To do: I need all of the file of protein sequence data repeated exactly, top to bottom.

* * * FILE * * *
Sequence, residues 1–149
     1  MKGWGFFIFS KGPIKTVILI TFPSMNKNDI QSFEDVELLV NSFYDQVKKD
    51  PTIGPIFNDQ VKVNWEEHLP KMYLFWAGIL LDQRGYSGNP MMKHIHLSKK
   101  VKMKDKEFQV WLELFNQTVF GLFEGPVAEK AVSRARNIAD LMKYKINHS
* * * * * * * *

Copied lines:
Sequence, residues 1–149
     1  MKGWGFFIFS KGPIKTVILI TFPSMNKNDI QSFEDVELLV NSFYDQVKKD
    51  PTIGPIFNDQ VKVNWEEHLP KMYLFWAGIL LDQRGYSGNP MMKHIHLSKK
   101  VKMKDKEFQV WLELFNQTVF GLFEGPVAEK AVSRARNIAD LMKYKINHS